Uniformity Clause refers to the clause in the U.S. constitution, requiring the uniform collection of federal taxes. Article I, Clause 1 of the U.S. constitution gives the federal government of the U.S. its power of taxation. The uniformity clause was intended to prevent the legislature and local officials from granting preferential tax treatment to influential property owners and to protect the citizen against unequal and consequently unjust taxation.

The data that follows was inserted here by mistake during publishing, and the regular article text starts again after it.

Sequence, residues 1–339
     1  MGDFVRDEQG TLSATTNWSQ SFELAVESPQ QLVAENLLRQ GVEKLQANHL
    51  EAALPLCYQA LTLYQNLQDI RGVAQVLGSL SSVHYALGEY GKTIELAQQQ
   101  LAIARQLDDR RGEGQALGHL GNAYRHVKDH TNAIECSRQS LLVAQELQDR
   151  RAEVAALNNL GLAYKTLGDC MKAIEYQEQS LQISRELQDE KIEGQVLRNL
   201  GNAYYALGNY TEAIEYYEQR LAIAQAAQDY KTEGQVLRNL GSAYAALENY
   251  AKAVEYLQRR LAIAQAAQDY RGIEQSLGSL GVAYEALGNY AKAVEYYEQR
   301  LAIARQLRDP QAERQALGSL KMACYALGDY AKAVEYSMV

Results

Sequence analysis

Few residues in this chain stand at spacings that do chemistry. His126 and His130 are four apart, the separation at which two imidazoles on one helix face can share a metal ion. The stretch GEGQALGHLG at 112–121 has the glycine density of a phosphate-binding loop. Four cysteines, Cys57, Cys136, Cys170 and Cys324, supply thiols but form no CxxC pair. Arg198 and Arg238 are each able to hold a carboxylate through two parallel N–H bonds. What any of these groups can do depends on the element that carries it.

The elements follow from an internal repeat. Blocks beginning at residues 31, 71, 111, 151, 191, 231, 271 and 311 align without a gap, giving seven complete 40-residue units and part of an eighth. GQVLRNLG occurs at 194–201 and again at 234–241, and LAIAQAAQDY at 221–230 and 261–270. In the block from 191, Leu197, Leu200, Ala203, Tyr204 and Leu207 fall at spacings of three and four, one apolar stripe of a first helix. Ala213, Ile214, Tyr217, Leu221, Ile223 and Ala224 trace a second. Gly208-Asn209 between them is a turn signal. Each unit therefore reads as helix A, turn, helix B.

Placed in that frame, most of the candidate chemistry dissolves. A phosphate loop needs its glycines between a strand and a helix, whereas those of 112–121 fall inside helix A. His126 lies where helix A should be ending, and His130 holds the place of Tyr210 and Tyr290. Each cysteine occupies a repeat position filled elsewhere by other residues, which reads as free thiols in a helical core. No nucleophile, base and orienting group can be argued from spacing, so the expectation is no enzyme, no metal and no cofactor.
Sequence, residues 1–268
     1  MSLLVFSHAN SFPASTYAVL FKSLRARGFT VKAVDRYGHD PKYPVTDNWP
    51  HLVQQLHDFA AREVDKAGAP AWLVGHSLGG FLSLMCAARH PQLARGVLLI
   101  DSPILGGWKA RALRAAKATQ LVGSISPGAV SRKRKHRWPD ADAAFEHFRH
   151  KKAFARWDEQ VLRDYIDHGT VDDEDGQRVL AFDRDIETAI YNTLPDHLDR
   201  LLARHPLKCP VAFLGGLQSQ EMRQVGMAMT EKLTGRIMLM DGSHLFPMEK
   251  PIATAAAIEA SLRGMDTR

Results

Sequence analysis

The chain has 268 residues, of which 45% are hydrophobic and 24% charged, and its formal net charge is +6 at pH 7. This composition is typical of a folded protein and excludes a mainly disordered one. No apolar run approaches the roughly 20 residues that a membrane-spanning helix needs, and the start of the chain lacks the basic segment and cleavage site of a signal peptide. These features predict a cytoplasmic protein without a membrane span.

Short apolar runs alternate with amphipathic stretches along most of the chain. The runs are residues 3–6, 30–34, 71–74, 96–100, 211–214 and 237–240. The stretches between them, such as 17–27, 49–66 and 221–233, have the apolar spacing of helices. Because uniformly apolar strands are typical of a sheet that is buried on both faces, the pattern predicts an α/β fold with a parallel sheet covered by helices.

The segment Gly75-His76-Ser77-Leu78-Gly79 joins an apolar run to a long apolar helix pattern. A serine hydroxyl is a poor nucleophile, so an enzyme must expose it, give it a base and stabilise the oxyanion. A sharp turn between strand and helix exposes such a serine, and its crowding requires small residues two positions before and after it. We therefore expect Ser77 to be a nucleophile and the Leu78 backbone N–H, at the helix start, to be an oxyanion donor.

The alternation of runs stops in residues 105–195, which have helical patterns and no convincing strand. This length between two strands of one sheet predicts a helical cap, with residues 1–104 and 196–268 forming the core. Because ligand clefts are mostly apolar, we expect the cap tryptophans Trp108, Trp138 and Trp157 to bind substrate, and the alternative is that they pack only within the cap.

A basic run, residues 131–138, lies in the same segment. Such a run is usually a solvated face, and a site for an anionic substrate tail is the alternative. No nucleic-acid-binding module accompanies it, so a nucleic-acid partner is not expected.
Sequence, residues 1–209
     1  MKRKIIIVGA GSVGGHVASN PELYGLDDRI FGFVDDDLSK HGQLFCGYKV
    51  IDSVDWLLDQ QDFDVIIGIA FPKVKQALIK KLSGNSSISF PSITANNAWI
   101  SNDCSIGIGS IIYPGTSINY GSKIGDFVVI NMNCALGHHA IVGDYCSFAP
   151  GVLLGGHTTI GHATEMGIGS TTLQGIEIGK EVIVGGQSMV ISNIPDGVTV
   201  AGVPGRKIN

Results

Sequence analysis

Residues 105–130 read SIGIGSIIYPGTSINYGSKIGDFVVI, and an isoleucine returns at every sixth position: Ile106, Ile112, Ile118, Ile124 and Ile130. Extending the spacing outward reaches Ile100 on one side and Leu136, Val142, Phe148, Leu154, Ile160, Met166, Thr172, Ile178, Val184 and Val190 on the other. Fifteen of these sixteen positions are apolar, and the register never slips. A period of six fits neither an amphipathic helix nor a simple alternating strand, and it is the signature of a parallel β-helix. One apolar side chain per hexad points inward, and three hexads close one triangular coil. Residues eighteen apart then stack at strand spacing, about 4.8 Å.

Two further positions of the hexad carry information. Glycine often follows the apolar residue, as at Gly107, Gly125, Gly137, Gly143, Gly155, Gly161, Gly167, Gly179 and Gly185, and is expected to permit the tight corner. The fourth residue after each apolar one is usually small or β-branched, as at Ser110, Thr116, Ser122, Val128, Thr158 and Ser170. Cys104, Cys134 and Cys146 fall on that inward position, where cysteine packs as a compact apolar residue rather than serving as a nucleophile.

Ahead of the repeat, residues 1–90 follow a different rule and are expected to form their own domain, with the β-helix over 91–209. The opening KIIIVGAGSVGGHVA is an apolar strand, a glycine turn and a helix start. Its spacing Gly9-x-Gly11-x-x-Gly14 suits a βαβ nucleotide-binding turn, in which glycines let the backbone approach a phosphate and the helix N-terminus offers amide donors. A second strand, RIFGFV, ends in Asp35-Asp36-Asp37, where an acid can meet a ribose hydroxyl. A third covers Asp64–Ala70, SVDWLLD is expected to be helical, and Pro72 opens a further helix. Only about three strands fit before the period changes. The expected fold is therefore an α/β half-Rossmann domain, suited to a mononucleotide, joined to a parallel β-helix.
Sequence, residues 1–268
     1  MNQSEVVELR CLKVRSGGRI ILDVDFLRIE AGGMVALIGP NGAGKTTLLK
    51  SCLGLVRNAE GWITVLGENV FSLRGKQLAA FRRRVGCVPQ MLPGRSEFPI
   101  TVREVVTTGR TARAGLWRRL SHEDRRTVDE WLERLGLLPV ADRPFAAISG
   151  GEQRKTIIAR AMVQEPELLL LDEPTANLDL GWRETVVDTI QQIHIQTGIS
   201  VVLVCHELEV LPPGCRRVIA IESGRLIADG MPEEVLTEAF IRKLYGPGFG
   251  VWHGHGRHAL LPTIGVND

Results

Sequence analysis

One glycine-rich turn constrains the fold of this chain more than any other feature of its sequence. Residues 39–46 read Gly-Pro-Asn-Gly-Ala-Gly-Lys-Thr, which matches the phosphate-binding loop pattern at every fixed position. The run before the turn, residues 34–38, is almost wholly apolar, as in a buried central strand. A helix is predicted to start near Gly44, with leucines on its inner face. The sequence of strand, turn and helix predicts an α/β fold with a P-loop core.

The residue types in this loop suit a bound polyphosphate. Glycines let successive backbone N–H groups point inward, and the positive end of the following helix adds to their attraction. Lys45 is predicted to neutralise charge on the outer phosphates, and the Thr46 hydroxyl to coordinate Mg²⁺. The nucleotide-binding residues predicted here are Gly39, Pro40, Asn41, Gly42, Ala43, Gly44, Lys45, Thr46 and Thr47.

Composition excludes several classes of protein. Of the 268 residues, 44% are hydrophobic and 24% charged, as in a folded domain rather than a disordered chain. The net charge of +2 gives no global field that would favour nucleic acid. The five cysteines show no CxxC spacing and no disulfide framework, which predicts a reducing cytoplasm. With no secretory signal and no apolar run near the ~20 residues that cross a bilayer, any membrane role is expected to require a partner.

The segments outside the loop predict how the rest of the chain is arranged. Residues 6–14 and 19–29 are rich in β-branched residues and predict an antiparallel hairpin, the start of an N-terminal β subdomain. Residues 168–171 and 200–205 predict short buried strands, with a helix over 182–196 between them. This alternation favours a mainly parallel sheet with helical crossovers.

The U.S. legal system includes uniformity clauses found in individual state Constitutions as well as the federal Constitution.
In Executive Life Ins. Co. v. Commonwealth, 147 Pa. Commw. 105 (Pa. Commw. Ct. 1992), the court held that “the Uniformity Clause means that the classification by the legislative body must be reasonable and the tax must be applied with uniformity upon similar kinds of business or property and with substantial equality of the tax burden to all members of the same class.”